Frenzied crowds chasing “shocking” deals and a yearly spike in media spend are annualized and anticipated. The rhythm of Black Friday, the year’s biggest shopping event, is starting to become old hat, but advertisers have new technology and advertising channels to learn and leverage each year.
This year, a new set of data to digest comes courtesy of Google. For the first time, the search giant has released information about Black Friday shopping trends, pulled from Google Maps and anonymous location tracking. We now have an official picture of what time of day is busiest for Black Friday shopping, whether Black Friday or Christmas Eve is busier for different retail categories, and additional insights about travel and search behavior during Thanksgiving week.
At the same time, new Google AdWords features are empowering advertisers to take advantage of information about offline purchases and the true ROI of campaigns. Is there a better trial-by-fire for this new measurement than the holiday shopping season?
What Black Friday Shopping Really Looks Like
Here’s that data about foot traffic on Black Friday, conveyed in Google’s official infographic. Scroll past for the most important bits:
There are several highly actionable insights in this graphic. For example,
- On Black Friday, stores are busiest in the afternoon (between 2 p.m. and 4 p.m.), not the morning, as doorbuster sales and media coverage would suggest. In fact, comparatively, stores are dead in the wee hours of Friday morning, but Thursday evening sees huge traffic spikes for department stores and electronics stores.
- Only electronics stores and cellphone stores are busiest on Black Friday. For other categories, like department stores and shopping malls, the last Saturday before Christmas is the busiest shopping day.
- The only stores that see higher traffic on Christmas Eve than other holiday weekends are superstores and dollar stores. For shopping malls, cellphone stores, and electronics stores, Christmas Eve is less busy than every other other holiday shopping weekend, so it doesn’t make sense for these categories to bid more aggressively on Christmas Eve.
Black Friday Data is Changing the Game
These are interesting observations for advertisers and small business owners alike. In the PPC and social advertising categories, specifically, it’s a huge boon to know when a large share of customers in a certain category are already in-store. If you aren’t bidding aggressively at that time of day, you’re missing a huge opportunity to win omni-channel customers in the micro-moments when purchasing decisions are made. 82% of smartphones users consult their phones for buying advice while in a store, and 1 in 3 have changed their minds about a brand they were about to purchase because of that micro-moment.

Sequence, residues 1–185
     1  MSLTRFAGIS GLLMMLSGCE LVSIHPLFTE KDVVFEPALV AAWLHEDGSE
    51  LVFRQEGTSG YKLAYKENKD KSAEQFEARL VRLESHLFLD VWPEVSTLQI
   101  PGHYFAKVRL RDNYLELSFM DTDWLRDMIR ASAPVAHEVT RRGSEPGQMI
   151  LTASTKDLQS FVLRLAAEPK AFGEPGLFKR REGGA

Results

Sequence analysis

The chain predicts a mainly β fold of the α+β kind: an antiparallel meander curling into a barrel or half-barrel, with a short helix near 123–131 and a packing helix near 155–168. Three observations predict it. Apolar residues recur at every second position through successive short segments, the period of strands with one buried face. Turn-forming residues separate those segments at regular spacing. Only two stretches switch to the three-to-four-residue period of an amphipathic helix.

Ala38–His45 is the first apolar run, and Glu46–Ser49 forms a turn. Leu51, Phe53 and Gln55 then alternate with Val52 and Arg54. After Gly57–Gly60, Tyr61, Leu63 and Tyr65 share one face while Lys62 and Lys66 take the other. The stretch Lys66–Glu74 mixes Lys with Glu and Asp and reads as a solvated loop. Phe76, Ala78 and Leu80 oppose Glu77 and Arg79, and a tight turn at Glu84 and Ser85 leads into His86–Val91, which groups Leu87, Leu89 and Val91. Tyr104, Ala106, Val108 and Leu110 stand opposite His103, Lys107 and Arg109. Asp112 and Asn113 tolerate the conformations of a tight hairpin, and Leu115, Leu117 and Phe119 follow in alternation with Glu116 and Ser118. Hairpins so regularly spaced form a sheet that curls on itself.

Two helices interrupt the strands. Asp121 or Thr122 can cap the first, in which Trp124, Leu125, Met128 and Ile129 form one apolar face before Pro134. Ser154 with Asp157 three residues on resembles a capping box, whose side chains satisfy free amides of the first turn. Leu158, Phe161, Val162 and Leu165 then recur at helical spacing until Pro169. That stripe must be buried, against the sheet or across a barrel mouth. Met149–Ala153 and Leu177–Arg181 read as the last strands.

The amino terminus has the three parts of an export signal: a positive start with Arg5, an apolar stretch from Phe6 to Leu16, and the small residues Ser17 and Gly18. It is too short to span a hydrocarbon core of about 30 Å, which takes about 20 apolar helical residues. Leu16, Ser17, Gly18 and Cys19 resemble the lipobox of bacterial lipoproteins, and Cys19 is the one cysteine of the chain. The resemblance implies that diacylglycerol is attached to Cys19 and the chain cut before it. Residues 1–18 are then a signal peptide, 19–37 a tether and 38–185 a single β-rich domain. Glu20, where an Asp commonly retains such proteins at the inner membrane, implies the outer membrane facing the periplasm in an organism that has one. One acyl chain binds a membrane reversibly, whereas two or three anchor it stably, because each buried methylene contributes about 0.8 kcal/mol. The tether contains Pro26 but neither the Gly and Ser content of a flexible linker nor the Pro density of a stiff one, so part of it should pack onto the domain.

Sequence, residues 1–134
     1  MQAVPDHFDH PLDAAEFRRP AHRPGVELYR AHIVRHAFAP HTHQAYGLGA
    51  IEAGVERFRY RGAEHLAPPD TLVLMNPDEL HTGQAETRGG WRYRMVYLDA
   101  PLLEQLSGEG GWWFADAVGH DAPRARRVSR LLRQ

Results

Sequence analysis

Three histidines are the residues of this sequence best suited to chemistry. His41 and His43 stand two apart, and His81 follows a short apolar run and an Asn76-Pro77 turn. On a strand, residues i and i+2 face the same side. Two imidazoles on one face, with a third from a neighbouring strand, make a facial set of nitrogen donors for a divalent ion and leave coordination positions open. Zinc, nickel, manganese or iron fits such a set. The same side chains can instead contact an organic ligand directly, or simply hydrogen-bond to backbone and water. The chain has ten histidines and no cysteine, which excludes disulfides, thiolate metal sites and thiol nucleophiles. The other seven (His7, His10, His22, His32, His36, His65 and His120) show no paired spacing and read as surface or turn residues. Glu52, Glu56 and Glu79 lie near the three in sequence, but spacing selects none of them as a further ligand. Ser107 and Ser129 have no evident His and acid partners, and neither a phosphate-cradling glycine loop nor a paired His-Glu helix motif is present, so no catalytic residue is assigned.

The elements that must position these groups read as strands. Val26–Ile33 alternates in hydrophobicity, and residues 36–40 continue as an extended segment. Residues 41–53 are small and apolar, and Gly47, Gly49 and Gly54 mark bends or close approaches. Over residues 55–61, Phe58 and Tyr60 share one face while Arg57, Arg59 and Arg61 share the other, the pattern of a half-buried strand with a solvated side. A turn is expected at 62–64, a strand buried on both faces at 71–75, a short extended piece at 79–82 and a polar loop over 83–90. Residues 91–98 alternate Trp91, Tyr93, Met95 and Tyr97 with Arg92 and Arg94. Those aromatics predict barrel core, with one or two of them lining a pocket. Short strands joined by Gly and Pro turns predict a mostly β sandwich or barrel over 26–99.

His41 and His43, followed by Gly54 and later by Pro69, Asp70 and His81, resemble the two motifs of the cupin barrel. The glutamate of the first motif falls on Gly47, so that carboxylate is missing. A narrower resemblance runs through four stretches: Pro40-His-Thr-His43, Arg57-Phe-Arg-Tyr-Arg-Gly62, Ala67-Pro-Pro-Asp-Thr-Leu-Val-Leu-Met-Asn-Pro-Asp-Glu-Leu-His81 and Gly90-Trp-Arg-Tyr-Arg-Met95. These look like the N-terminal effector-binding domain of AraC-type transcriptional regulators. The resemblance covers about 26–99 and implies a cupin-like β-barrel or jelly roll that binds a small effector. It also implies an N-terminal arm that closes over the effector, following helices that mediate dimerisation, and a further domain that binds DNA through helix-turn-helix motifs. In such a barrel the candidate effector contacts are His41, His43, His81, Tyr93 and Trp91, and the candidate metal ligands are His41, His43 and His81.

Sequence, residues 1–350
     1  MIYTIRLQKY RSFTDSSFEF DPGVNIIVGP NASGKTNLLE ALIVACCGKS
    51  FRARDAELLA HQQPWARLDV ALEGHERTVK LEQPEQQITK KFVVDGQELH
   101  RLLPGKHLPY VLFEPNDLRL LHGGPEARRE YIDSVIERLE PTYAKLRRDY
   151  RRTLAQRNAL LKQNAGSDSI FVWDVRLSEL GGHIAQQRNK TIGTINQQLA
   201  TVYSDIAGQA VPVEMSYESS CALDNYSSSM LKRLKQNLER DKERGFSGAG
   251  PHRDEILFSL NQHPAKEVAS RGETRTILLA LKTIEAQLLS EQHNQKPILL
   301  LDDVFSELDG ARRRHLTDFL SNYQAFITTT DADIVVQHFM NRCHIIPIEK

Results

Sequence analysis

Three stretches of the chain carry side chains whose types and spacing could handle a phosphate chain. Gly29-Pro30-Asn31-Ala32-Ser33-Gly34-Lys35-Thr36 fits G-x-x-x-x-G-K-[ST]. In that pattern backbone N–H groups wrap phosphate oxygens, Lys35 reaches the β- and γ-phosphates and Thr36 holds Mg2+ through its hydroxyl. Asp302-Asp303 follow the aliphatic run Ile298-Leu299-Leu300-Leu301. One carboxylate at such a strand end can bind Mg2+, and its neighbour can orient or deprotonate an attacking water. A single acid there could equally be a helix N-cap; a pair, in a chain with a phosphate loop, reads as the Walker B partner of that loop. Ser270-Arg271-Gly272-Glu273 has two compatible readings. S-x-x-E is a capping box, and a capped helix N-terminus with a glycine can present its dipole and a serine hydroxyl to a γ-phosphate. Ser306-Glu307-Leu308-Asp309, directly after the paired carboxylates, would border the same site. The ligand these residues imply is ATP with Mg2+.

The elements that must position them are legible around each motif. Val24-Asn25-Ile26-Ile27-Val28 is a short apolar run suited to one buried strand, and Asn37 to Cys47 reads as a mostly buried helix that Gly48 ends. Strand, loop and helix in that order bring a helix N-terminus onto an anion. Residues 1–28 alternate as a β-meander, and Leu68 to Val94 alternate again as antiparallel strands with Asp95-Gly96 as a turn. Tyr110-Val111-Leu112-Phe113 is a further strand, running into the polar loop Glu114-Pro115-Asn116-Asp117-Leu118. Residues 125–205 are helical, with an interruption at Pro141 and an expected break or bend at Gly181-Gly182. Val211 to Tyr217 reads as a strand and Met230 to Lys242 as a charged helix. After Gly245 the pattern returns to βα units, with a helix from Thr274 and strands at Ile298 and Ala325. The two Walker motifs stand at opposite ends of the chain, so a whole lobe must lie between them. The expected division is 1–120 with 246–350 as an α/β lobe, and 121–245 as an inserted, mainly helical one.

This is especially actionable for retailers on Facebook, as the recently debuted Canvas allows major retailers to do real-time product marketing and re-marketing with clean, streamlined ad units.
For AdWords specialists, Google is taking things a step further. As of Tuesday, Google now reports on the keywords and ad groups that drive the most in-store visits. At the intersection of e-commerce and traditional retail, there is little knowledge with greater value than this. Suddenly, paid search ROI can reflect a wealth of offline leads. After all, local commerce is still 10 times larger than e-commerce.
Here’s what the AdWords team had to say on the change:
“Starting today, advertisers can get a more detailed view of offline measurement with the ability to breakout store visits at a keyword or ad group level, and the ability to view visits by day, week, or month to better inform bidding and campaign strategy. By reviewing data at this level, advertisers can understand which keywords or ad groups drive the most store visits. For example, a toy store may learn that certain dolls or action figures bring in the most visitors. With this insight, that toy store might invest in search terms that drive both online and offline sales, and display those products at the front of their store. As a reminder, store visits are based on anonymous and aggregated statistics and are shared in a privacy-safe way.”
“We fight a constant battle over how to attribute success to marketing programs and products,” says Mitchell McLain, Gruen Agency’s Director of Paid Search. “The difficulty is even further compounded by how detailed and granular our data is, or isn’t. Allowing brands to track in-store visits without the hassle of setting up physical beacons is a huge win for Google and advertisers. Ultimately, it makes Google a better search product and improves efficiency for paid search specialists, but with this collection of big data, we need to be wary of ‘analysis paralysis.’ It’s important to work with a marketing team capable of implementing what’s actionable and breaking down the result.”
Kyle Schweitz, Sr. Digital Account Manager, agrees. “Paid search specialists can leverage this data to give customers the info they desire in micro-moments,” Schweitz says. “The consumer’s experience in a micro-moments is increasingly linked to a successful conversion. Our expectations of information are greater and our attention spans have shortened. A significant competitive advantage will be gained by digital marketers who can capitalize.”
How does Black Friday and the holiday shopping season affect your digital marketing efforts? Which new insight or feature from Google seems most actionable for boosting physical sales? Join the conversation in the comments below!